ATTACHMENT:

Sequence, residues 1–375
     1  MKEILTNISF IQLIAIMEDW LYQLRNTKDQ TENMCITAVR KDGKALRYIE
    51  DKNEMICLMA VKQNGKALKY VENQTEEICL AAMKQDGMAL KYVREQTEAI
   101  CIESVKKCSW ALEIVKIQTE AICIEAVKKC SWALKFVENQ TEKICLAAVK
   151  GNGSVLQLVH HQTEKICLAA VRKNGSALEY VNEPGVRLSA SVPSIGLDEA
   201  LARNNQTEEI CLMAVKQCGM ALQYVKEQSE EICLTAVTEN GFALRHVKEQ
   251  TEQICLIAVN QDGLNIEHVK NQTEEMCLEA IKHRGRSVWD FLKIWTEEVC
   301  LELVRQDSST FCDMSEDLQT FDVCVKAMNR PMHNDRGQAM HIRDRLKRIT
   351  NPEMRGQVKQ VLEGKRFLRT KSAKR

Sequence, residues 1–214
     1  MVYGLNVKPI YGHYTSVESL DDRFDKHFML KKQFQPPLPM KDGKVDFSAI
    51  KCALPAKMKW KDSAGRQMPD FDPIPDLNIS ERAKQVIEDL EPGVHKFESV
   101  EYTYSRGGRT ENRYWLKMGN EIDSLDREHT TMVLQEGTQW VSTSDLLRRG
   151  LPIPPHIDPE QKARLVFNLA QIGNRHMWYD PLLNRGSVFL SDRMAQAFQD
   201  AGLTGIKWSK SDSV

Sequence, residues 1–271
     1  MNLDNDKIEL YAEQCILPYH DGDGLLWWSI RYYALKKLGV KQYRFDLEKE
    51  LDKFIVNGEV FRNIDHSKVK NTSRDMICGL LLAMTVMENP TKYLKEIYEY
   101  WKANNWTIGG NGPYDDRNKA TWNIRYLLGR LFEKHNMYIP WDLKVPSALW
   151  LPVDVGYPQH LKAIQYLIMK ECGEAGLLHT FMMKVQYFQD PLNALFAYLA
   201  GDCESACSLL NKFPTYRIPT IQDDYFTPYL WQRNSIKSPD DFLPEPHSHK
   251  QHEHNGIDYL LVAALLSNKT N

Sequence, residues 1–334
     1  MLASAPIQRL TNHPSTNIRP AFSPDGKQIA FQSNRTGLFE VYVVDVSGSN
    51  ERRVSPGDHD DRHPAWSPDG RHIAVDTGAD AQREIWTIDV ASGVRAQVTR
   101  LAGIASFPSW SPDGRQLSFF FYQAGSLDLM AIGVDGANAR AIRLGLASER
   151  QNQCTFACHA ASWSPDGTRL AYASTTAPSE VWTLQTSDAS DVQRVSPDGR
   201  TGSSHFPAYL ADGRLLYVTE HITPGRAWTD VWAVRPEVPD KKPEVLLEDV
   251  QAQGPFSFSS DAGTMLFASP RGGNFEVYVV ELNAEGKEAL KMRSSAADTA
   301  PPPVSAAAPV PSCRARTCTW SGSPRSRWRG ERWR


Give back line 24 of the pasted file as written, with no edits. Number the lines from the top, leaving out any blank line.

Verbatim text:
     1  MLASAPIQRL TNHPSTNIRP AFSPDGKQIA FQSNRTGLFE VYVVDVSGSN